On one level this is all fanciful – who knows if we will even still have a Euro and a Eurozone by the time Scotland becomes independent. But assuming there is still some form of central currency and economic union is still one of the central tenets of EU membership, the current muddy thinking on these issues by the SNP must be resolved, particularly as we move closer to the referendum.
If independent Scotland acceded directly to EU membership, there may be some scope for an opt-out from the Euro – as other existing members achieved, including the UK and Denmark when the currency was introduced. Moreover, some new members were allowed to join the EU with everyone safe in the knowledge that their chances of satisfying the tests for adopting the Euro were precisely nil.
But continuing to fly by the seat of your pants in policy terms while hoping for a suitably soft landing is hardly likely to endear the Scottish people to voting yes for independence. Folk want clarity on these kind of issues and the opportunity to make an informed choice. They will want to know the implications of independence, big and small. And they will want to know that all the pieces of the policy jigsaw are in place.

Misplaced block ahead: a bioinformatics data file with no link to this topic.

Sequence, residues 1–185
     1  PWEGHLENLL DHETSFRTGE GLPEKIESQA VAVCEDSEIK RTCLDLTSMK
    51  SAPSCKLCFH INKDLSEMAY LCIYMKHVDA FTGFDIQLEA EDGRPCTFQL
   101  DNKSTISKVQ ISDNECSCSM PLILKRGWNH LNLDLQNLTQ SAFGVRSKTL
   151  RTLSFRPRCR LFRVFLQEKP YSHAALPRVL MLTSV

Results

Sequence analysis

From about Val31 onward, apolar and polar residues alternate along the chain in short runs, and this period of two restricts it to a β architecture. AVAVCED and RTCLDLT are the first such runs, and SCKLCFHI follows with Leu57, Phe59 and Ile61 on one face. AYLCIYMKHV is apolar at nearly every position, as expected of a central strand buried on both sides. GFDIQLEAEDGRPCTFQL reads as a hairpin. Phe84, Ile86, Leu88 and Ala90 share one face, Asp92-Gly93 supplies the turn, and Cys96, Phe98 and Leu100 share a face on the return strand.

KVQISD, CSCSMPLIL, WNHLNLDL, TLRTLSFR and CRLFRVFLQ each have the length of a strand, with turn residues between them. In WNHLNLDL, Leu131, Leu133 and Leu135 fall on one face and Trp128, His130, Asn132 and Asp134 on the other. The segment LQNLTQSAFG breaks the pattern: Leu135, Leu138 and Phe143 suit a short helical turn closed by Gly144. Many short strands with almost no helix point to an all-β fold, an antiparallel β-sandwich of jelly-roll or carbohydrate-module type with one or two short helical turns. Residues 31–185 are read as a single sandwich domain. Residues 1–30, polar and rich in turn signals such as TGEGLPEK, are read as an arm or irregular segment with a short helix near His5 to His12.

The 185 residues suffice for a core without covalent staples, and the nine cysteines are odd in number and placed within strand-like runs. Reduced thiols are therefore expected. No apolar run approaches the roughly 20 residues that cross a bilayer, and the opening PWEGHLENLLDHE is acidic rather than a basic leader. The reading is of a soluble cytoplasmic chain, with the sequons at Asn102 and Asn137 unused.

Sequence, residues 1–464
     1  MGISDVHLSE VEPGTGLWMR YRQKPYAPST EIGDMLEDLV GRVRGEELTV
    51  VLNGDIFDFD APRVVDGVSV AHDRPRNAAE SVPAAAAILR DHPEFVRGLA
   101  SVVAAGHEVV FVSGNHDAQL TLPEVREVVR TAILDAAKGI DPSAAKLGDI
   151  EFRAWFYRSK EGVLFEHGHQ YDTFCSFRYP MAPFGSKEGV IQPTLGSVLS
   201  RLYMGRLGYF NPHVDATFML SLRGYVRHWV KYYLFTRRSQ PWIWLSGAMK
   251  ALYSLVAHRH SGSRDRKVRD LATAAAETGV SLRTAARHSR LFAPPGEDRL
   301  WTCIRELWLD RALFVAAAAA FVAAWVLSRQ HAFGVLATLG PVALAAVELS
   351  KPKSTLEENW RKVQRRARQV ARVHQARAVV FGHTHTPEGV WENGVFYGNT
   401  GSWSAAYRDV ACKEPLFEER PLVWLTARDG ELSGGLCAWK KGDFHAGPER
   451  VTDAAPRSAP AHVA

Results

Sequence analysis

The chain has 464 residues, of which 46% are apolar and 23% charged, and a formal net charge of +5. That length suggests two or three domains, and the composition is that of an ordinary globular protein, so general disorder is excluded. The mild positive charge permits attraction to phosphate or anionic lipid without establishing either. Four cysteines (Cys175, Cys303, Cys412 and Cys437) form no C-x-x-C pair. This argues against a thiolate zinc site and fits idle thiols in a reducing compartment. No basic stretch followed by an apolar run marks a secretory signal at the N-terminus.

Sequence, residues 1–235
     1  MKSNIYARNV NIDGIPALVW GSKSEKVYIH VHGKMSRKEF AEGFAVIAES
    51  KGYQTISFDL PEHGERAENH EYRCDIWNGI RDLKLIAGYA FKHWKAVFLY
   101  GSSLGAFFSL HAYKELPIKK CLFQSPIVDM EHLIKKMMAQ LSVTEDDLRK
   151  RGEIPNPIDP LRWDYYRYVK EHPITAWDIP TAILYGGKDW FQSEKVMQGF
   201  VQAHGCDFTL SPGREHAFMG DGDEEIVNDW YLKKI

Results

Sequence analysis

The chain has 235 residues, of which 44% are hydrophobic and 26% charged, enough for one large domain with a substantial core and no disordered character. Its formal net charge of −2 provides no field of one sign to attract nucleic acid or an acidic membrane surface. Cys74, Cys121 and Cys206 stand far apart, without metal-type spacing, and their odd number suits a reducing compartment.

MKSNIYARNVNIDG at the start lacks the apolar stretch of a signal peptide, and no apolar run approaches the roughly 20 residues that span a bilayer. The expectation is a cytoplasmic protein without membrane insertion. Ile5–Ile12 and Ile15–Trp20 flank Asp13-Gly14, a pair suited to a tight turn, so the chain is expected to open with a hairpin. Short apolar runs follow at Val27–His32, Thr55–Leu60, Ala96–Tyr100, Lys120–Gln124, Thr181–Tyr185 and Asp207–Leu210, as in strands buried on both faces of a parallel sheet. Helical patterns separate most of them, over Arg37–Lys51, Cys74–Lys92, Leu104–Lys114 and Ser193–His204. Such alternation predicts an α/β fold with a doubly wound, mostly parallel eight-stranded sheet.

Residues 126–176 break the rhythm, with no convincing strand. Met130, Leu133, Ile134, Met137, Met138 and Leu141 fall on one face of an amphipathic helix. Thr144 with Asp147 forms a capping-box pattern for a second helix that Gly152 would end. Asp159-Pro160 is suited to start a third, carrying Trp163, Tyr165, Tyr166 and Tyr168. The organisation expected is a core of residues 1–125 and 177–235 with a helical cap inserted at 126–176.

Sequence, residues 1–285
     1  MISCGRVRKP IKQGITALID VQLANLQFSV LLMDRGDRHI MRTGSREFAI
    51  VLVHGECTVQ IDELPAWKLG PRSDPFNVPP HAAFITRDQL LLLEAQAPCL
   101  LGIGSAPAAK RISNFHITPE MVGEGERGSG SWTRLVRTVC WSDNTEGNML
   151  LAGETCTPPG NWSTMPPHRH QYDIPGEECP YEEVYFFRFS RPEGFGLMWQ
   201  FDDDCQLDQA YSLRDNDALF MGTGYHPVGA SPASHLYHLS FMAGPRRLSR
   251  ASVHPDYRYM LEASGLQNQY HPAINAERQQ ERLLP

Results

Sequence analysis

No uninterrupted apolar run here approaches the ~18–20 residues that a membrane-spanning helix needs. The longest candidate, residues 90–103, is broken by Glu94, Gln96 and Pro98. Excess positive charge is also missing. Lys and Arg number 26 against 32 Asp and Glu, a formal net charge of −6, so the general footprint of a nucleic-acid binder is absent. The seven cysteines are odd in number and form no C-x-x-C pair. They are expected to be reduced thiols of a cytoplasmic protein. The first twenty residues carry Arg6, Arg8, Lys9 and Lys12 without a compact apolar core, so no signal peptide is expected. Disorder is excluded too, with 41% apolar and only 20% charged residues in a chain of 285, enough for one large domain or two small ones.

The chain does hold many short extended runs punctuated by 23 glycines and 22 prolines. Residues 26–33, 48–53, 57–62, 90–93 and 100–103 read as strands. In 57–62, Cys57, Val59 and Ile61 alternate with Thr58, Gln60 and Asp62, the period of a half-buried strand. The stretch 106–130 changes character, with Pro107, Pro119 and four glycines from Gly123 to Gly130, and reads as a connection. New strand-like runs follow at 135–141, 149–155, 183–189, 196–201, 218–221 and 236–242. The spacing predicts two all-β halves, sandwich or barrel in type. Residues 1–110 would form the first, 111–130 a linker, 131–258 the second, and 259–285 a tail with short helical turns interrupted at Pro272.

Perhaps not having to join the Euro might also result in not having to sign up for any other part of European fiscal policy. Aye right. A relatively wealthy member state seeking permission to do the economic hokey cokey is not going to go down well and Scotland lacks the political muscle to pull such opt-outs off. And even suppose the other 27 member states – more by the time Scotland comes calling – agree to this, not joining the Euro and not signing up to harmonised tax rates surely undermines the whole exercise of membership.